The Other Shoe – The Music of Gregg Hill
You may well recognize that trombonist and composer Michael Dease is the second major artist to cover the music of Gregg Hill, who co-produces. Bassist Rodney Whitaker, who is a guest of Dease’s ensemble here for The Other Shoe – The Music of Gregg Hill, delivered his own Oasis in late 2022 honoring the composer. We covered that on these pages and now bring you a different interpretation of Hill’s music with, aside from Whitaker’s cameo appearance, a completely different set of players, mostly of the youthful variety. Veteran pianist and recent Grammy winner Geoffrey Keezer alternates with rising star Luther Allison who has appeared on previous Dease efforts. Bassist Liany Mateo and drummer Colleen Clark round out the rhythms section. In a rather unusual front line pairing of trombone and clarinet, Toronto-based Virginia MacDonald joins Dease’s Quintet. This is the first project of Dease’s, normally a frequent leader for this albums on Posi-tone Records, where he has done entirely someone else’s compositions. Unlike the straight-ahead hard bop Dease albums we’ve reviewed, this one goes ‘out there’. Additionally, on three tracks, Dease sheds his trombone in favor of the baritone sax.
The angular, Monkish “Wake Up Call” opens with the rhythm section, led by Keezer, locked in. The pianist shines in the very different tempo, on “Scooter’s Dream,” written about Hill’s sleeping cat in a tune that begins eloquently and becomes agitated as the Keezer leads Dease and MacDonald down a prickly path. Two blues tunes follow, beginning with “Hello, Blues” and its somber three-note refrain played by the front line in unison before yielding to Dease on a angsty trombone solo after which he cedes to two bassists, by Mateo first and then Whitaker following MacDonald’s stunning solo sandwiched in between. Keezer slots in with his declaration that we can all play the blues with individual character. “Goodbye Blues” takes a different tact as Dease plays baritone sax accompanied by Allison on piano who takes the first lead followed by Mateo, leading to an exchange between the leader, and his student, Joel Perez, on trombone. The two spar on the Latin piece “Rio Mio” as well. MacDonald’s higher register flourishes form a great contrast to the two bottom dwellers on both tracks.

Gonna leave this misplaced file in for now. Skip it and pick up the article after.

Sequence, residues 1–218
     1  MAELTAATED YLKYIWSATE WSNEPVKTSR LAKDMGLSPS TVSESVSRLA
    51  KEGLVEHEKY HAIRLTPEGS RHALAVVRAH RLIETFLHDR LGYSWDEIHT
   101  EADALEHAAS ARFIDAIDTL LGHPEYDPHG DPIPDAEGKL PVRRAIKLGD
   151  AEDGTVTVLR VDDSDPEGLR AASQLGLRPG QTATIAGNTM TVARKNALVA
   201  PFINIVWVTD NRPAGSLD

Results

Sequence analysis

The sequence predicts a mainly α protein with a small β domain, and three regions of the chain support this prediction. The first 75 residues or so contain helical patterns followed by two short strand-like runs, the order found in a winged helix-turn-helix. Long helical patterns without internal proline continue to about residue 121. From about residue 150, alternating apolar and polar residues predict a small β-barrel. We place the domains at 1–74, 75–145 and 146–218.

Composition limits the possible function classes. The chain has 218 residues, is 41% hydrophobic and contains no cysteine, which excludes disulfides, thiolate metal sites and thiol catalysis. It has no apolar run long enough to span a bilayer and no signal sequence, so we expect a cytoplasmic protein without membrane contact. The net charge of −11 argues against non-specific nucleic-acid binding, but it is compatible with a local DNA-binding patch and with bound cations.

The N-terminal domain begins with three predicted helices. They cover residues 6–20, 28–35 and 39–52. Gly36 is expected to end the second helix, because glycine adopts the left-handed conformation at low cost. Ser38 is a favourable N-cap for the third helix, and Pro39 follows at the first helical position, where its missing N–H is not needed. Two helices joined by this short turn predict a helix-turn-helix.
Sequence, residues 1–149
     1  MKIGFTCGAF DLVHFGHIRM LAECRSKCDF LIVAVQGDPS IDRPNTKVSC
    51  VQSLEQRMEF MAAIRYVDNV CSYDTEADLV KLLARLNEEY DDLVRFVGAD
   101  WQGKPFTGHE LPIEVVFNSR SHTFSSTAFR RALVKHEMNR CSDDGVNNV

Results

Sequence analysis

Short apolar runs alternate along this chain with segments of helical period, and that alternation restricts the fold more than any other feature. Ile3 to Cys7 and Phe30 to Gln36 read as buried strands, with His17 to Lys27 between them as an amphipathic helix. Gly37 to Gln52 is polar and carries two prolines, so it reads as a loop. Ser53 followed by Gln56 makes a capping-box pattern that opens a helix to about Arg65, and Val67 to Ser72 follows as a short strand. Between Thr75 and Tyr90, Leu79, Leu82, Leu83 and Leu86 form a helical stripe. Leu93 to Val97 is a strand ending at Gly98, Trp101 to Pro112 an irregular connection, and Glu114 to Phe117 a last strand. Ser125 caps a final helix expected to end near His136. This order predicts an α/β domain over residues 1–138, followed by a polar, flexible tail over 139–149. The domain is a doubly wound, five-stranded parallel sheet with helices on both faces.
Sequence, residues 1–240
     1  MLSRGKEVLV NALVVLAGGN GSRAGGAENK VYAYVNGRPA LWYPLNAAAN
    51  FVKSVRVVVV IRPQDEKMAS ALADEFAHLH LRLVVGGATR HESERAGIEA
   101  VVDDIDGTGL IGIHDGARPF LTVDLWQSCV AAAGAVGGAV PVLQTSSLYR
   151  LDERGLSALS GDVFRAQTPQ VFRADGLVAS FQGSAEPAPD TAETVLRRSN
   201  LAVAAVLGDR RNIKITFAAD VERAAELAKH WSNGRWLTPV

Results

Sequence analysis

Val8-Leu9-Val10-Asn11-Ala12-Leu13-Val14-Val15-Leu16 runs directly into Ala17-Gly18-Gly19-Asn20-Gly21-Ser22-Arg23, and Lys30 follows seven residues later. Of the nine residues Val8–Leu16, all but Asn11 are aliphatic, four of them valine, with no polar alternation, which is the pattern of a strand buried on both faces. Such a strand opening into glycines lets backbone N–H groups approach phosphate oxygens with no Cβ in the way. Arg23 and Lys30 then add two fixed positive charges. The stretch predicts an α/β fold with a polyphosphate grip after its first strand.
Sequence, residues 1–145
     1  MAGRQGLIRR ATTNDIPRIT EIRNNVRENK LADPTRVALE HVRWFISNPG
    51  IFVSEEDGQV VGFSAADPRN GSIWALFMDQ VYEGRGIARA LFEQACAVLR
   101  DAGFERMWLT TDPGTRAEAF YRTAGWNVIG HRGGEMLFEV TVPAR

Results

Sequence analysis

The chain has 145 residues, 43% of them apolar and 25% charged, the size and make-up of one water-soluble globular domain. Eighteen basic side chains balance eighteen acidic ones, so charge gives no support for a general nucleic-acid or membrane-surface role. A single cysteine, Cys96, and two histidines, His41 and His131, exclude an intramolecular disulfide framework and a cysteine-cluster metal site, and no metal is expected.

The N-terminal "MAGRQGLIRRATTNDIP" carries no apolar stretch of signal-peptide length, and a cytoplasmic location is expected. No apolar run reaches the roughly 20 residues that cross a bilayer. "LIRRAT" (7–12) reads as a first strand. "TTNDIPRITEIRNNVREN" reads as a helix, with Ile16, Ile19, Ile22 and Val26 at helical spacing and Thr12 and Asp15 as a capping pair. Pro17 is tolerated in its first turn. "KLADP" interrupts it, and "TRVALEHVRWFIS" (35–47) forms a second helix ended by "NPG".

Keezer returns for the intricate “The Sleeper” as Dease on trombone and MacDonald weave around his angular, rather free approach while he opts for a more conventional glistening style in “The Classic” with a simple melody repeated four times played by the front line as each plays plenty of scales before ceding to the trio for a more contemplative, rather dizzying but building statement mid-piece. The calm of “Summer Nights” follows with Allison on piano before the quintet swings lightly, Ellington style for “Shorty’s Tune,” named for Hill’s mom, a jitterbug dancer. It’s a feature for MacDonald’s expressive vibrato-driven solo. Again, Keezer’s command of the piano and the harmonics he creates are remarkable. The free ranging spooky opus “The Other Side” has Allison on Fender Rhodes and MacDonald engaging with Dease who alternates on trombone and baritone sax, each taking rather unpredictable, mood swinging routes along the journey, their route marked by a simple repetitive theme that grows in frequency in the latter half as if emerging to the more hopeful ‘other side.’
We haven’t heard this explorative side of Dease before but much of the credit, of course, goes to Hill who composed these highly imaginative pieces. This is heady, evocative stuff as you might expect from the pairing of a clarinet with two low end instruments over inventive piano accompaniment from both Keezer and the rising star, Allison.
- Jim Hynes